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How sleep impacts your confidence

By Anthony June 29, 2016

Have you ever had a rough night’s sleep and woken up the next day feeling less than confident? An average sleep can result in more than just a 3pm slump, a caffeine overdose and the inability to concentrate. It can also leave you feeling a bit average about yourself.

Being well-rested is one of the simplest ways to boost self-confidence.


Does poor sleep really affect our confidence?

A good sleep to boost self-confidence is scientifically supported. A study published in the International Journal of Behavioural Medicine in 2013 used a large sample study to look at the effects of poor sleep on optimism and self-esteem. It found that those who had less than six hours of sleep had lowered optimism and self-esteem compared to those who got 7-8 hours of sleep.

Sleep deprivation is also linked to feelings of anger, frustration and sadness, feelings that make it rather difficult to boost self-confidence. So it’s no wonder when you get a poor sleep you’re more likely to feel a bit down about yourself.


Daytime practices for when you're lacking sleep

Let’s be realistic– amidst work pressure, kids, social engagements and obligations, getting eight hours of sleep can seem like an unobtainable luxury. If less than six hours is a common reality for you then don’t despair, there are a couple of practices you can adopt to boost confidence.

The first is implementing mindfulness practice. It’s as simple as taking five minutes during your lunch or tea break to practice being in the moment. If you’re dubious about meditation or find that blocking out the noise is humanly impossible, we understand you. To help you, there are a number of fantastic smartphone apps that support getting centred. Headspace is free to download and its ‘Take 10’ guided meditations are quick and straightforward.

The second way you can improve mental clarity and boost self-confidence is all about structuring your day properly. If you’ve had a rough sleep and have a long day of work ahead of you, break up your day to keep your mind fresh. Start by getting some natural sunlight, get up as soon as your alarm goes off, open your blinds straight away and go outside with a cup of tea if you have time. Most of us wake up dehydrated which can increase our feelings of fatigue, so have a big glass of water and fill up a water bottle before leaving the house.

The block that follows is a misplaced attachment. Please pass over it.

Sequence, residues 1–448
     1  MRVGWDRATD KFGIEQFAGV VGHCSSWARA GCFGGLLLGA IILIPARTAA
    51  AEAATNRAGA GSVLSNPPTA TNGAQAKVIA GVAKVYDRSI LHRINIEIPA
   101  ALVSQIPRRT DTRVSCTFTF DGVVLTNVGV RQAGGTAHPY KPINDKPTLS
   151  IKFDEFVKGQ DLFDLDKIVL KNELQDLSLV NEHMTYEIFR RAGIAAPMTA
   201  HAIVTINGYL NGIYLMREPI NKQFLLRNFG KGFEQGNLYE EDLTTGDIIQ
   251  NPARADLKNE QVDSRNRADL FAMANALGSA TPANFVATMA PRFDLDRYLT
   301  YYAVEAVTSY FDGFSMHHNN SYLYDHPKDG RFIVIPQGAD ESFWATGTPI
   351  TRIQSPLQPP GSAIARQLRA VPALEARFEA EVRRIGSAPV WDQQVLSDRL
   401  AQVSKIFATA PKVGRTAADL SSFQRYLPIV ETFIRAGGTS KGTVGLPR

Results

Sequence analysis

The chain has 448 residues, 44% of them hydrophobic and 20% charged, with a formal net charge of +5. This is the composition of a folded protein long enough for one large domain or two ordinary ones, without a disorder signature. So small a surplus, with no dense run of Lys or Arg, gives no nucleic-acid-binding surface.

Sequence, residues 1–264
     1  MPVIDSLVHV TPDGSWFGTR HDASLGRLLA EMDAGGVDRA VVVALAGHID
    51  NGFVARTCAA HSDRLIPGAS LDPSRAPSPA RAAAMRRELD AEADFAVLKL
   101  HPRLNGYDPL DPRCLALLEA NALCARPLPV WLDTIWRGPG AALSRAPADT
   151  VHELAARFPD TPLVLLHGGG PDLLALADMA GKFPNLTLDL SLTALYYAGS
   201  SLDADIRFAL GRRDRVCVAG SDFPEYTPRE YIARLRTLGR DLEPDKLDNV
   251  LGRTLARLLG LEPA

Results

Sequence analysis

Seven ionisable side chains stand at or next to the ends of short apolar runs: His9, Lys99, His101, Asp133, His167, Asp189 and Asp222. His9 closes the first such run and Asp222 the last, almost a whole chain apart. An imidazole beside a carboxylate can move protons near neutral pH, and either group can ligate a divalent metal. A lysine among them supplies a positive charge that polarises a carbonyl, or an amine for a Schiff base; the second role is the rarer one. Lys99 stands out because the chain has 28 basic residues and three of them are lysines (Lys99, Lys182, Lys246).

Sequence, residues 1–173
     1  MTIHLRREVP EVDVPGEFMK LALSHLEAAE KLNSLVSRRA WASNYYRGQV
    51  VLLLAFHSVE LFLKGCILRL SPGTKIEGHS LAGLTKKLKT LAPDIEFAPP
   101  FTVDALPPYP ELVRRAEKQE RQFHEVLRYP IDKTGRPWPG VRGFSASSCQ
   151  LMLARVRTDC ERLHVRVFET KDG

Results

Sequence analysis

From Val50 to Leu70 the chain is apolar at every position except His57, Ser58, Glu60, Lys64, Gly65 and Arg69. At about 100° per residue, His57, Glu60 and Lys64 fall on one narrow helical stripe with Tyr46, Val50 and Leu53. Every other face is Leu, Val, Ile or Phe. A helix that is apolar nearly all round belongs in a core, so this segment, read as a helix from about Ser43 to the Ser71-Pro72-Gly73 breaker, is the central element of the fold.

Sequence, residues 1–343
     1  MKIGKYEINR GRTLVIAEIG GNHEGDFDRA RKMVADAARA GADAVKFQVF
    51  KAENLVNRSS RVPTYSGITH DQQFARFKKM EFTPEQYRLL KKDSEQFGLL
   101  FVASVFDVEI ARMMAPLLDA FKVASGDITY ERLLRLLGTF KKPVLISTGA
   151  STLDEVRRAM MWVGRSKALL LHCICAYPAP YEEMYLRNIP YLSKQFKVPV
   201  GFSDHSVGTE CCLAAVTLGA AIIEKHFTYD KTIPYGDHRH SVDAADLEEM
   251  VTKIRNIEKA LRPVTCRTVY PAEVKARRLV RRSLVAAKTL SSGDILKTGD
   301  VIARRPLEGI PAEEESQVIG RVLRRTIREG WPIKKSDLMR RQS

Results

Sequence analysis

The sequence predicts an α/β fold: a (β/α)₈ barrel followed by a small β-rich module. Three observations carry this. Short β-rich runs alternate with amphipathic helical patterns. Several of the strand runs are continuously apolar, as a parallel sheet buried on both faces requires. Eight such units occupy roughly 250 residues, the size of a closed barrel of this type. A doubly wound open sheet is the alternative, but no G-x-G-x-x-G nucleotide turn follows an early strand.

Take frequent five minute breaks or timeouts during the day. Set an alarm on your phone if you need to. Finally, get some sunlight and a brisk walk mid-afternoon to increase energy and leave you feeling less tired and act as to boost self-confidence.


Pre-bedtime activities to improve rest

If you’re finding it hard to wake up with confidence then it might be worth changing your bedtime habits to get a more luxurious night’s rest. It’s as simple as following this three-step rule for more zzz’s to boost self-confidence.


Nix blue light

Put away your iPad, turn off the TV and put your phone away. Studies have shown that the blue light emitted from our electronic devices mess with our body’s natural rhythms and inhibit the release of melatonin. Try to put away all of your devices 1-2 hours before bedtime.

Have a cuppa

There’s a reason why we give warm milk to children when they can’t sleep and it could work for you too. Try relaxing with a cup of caffeine-free green, chamomile or peppermint tea an hour before bed.

Practice a relaxation exercise

If you find your brain becomes full of thoughts as soon as you lie down to sleep then the Sleep Foundation recommends laying down, closing your eyes and focusing on letting every muscle in your body relax. Focus your attention on your body and your breath, taking long deep inhales into your belly (not your chest) and exhaling audibly. Scan down through your body, from your head all the way down to your toes, acknowledging how each body part feels. Any time your mind wanders, gently bring it back to your breath. Practice this for 5-10 minutes.

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